By Carlo Gonzalez
I remember my first day as a new teacher as though it were yesterday: I walked into my classroom on a hot September day thinking, “Man, it’s hot in here” and then, “Who do I call if my air conditioner doesn’t work?”
Eventually, I figured out my room didn’t have AC—problem solved!
First-year teachers don’t have the luxury of knowing the school’s maintenance worker or Betty in Human Resources. They are, rightfully, focused on teaching and starting a career. Therefore, this article isn’t about best teaching practices or the newest theory in learning; it’s about those incidental things that make a new teacher’s life a little easier.
I’d like to share with you some tips that have helped me on my journey. I hope that as you engage your new colleagues in conversation, you can give them this advice, or your own, to make their first year as smooth as possible.
It’s important to know not only your student’s names, but also the janitor, the secretaries, and bus drivers too. Using a first name lets the person know you value and respect him or her. It can help cultivate meaningful relationships.
As a first year teacher, you aren’t only new to the profession, but new to the district and building, as well. Who do you go to if you need 1,000 stapled, color copies? What if you need to make a change to your health insurance? Asking questions is the only way to find out an answer. Ask away! I’d rather ask 100 questions to make sure I understood something, rather than get it wrong or miss a deadline.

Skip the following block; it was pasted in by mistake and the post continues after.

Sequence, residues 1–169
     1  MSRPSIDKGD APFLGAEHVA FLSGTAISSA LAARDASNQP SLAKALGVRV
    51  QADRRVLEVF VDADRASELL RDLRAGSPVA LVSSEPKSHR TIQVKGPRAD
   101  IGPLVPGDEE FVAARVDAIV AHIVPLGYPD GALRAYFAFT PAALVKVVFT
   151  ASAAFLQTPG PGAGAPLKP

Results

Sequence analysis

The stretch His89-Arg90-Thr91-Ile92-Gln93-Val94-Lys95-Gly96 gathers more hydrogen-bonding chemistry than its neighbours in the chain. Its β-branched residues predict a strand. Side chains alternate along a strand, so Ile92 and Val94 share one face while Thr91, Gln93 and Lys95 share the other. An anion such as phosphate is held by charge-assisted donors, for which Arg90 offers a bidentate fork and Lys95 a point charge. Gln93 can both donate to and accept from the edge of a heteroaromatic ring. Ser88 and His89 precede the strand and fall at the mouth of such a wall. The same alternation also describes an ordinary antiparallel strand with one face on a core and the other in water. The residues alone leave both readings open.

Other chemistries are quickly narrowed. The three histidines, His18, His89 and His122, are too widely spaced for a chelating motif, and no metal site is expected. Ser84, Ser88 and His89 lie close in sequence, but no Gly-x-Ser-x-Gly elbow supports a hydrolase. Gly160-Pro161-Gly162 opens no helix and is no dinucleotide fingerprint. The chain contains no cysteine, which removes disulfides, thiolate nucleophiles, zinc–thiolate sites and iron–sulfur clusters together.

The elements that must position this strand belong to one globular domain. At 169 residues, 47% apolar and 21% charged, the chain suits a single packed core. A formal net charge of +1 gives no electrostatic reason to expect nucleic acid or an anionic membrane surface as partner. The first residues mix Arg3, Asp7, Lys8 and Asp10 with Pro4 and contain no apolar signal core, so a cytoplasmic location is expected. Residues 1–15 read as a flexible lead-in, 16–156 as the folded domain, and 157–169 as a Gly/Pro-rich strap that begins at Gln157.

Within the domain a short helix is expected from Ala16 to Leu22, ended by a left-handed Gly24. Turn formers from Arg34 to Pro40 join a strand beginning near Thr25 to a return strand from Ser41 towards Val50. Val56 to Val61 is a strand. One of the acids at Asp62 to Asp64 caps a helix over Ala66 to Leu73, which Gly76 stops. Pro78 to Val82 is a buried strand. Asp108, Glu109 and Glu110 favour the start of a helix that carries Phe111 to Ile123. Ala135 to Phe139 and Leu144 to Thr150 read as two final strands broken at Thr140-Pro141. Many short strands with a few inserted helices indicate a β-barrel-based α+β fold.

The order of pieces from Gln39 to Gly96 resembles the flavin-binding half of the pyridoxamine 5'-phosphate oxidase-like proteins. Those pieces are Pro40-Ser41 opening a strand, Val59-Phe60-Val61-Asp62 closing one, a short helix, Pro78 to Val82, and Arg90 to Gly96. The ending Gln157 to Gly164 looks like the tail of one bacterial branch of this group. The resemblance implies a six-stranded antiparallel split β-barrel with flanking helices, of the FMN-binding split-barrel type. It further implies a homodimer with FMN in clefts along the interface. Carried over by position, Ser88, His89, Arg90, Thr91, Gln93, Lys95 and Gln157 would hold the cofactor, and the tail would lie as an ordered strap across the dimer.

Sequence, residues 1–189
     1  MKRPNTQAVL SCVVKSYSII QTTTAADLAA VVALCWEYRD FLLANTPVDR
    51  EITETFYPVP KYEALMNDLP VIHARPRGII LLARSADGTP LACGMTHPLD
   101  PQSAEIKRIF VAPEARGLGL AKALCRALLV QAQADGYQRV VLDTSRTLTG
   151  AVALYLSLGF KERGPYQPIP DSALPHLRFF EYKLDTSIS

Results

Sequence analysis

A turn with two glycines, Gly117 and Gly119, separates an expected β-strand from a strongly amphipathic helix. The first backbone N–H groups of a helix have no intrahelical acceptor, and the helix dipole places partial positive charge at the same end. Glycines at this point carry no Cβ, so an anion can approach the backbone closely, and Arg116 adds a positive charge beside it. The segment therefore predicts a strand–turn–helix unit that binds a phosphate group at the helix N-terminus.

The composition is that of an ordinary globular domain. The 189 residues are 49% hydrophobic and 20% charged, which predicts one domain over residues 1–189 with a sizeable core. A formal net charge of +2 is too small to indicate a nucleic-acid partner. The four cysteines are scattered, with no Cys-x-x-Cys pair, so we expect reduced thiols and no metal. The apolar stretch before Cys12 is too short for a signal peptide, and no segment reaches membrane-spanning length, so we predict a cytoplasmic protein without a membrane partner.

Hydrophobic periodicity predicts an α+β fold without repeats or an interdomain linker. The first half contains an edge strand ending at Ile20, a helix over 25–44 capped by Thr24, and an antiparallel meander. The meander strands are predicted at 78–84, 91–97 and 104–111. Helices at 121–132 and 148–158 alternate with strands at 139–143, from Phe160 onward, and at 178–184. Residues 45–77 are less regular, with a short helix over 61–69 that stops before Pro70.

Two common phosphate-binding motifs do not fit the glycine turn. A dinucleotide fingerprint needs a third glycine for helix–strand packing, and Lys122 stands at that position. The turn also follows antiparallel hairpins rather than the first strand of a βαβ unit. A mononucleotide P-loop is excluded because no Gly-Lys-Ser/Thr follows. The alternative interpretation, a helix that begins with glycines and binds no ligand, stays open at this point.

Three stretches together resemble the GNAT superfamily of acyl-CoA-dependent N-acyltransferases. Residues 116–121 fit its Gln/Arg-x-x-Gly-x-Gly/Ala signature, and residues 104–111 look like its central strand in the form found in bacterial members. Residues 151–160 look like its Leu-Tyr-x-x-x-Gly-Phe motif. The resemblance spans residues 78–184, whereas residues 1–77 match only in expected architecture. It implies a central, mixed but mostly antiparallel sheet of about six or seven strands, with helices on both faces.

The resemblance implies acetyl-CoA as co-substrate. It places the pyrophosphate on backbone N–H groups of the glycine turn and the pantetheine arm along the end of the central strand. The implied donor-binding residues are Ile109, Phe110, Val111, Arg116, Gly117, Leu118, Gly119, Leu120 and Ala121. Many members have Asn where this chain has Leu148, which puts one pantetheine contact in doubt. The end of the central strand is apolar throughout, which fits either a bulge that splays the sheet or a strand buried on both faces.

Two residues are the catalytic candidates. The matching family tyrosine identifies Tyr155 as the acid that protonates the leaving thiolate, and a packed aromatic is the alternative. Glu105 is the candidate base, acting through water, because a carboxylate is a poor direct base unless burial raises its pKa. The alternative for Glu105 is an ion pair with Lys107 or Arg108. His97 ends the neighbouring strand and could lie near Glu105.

Who can you go to with a question about IEPs or special education? Cultivate relationships with people on the child study team. Who can you ask if you need advice about a lesson or classroom management? Talk to your colleague whose classroom management is on point. Have a question about your contract or your rights? Get to know your association rep. Not sure about your paycheck? Get to know someone in the benefits department. Having a few trusted contacts can make your life a little easier when you are unsure about something.
Get to know the teachers and paraprofessionals around you. Teaching can be a lonely profession, and it helps to have a colleague you can talk to. Experienced neighbors are a good resource for ideas. I got know my neighbors well enough that I sent student over when they (or I) needed a break. It’s good to have friends.
As you welcome new teachers into your schools, share with them some tips that have made your life easier. Does the copier jam if you use colored paper in Tray 2? Let them know! The night janitor likes when your chairs are put on the desks on Friday? Tell somebody! Things like these aren’t common knowledge to a new teacher, so make sure they know the nuances of your school. Here’s to a new school year full of knowledge and friendships!
Carlo Gonzalez is a school counselor at Whitehall Elementary School in Monroe Township, Gloucester County.
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